Everyone who purchased a “New iPad” or iPad 3 is a victim of one of the worst consumer abuses in Apple retail history.
Just months after its release as the newest and most expensive iPad model, Apple very quietly and suspiciously discontinued the “New iPad” (iPad 3) in an unprecedented move.
The iPad 3 went on sale in Spring of 2012, replacing the iPad 2 which remained on sale at a discounted price. Apple customers who purchased the iPad 3 paid $100 above the iPad 2 price for the newest iPad model.
After a few months, in a very unusual and unprecedented move, Apple discontinued the iPad 3 and replaced it with the “iPad with Retina Display” (iPad 4). It did so very quietly, and in the shadow of the iPad mini launch.
The reason for the secrecy is obvious. Apple has never discontinued a product within months of its release. When the iPad 3 replaced the year-old iPad 2, for example, the older model remained on sale at a discounted price, and it remains on sale today.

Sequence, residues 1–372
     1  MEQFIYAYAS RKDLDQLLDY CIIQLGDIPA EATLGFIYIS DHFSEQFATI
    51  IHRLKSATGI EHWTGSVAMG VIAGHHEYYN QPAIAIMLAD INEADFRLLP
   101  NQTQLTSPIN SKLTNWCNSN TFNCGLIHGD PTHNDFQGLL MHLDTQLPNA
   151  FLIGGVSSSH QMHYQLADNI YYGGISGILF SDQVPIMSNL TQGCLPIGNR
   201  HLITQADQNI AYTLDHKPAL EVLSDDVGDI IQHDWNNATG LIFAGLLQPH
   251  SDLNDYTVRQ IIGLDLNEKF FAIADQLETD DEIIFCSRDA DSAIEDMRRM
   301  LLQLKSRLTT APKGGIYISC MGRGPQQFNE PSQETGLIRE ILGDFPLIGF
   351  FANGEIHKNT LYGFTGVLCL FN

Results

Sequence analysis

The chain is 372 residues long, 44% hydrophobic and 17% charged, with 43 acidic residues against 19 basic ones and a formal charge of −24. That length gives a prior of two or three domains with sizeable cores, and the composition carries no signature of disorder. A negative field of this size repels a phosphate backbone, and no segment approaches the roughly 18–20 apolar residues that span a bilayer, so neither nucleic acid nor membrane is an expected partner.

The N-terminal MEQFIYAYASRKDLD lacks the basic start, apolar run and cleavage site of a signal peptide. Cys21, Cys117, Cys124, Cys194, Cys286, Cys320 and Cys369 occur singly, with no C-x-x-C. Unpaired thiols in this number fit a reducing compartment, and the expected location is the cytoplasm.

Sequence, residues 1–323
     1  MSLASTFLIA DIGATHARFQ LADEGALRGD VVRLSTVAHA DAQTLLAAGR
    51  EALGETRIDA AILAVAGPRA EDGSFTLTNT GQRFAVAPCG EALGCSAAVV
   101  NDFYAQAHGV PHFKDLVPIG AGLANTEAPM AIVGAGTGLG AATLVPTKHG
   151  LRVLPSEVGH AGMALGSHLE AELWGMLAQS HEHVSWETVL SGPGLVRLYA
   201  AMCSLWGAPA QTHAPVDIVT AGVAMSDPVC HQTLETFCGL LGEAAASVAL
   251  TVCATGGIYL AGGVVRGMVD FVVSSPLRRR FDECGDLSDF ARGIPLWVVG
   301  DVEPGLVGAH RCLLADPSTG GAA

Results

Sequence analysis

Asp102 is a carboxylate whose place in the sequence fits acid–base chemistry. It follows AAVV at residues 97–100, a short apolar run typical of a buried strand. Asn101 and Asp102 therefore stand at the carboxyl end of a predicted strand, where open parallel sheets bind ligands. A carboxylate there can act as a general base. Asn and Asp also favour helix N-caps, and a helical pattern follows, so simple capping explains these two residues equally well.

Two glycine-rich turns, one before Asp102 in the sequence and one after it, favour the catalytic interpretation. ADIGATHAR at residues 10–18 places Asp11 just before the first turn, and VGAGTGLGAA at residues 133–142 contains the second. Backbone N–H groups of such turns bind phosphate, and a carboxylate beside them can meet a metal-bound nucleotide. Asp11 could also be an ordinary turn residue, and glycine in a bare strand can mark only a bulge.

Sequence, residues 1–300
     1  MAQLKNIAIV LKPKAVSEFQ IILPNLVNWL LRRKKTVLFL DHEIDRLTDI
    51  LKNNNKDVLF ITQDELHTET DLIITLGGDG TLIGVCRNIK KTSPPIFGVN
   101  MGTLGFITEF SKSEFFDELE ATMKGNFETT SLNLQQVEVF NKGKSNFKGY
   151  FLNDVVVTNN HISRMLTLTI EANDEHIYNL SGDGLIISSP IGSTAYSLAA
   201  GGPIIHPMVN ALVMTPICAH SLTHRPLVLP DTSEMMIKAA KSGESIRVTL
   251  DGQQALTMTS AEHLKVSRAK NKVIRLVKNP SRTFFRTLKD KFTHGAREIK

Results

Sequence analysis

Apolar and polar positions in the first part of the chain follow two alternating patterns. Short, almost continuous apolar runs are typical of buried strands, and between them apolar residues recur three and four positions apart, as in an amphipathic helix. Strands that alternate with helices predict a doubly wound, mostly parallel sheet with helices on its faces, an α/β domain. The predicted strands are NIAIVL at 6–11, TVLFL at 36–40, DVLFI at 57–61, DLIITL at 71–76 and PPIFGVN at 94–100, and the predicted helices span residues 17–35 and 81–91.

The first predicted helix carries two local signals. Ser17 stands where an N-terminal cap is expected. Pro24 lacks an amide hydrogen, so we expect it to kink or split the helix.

Compare that to what happened to the “New iPad” or iPad 3. After quietly releasing the iPad 4 with its heavily upgraded processor and new lightning connector, the iPad 3 was purged from existence. Apple was betting that nobody would notice, especially those customers that bought the iPad 3 for $100 above the iPad 2 price.
It is obvious that the "iPad with Retina display" was originally intended to be the successor to the iPad 2, but for some unknown reason Apple came to market with an inferior product. They attempted to quietly cover up for this by discontinuing the iPad 3 and replacing it with the newer model. Ironically, the iPad 2 remains on sale on the Apple website as though it were the most recent model before the “iPad with Retina Display” (iPad 4).
This is yet another example of Apple betraying and insulting its most loyal customers. Early adopters should be rewarded, not ripped off. Apple should apologize and offer a partial refund to iPad 3 owners that overpaid for a prematurely discontinued model that Apple itself deemed undeserving of living out its full product cycle.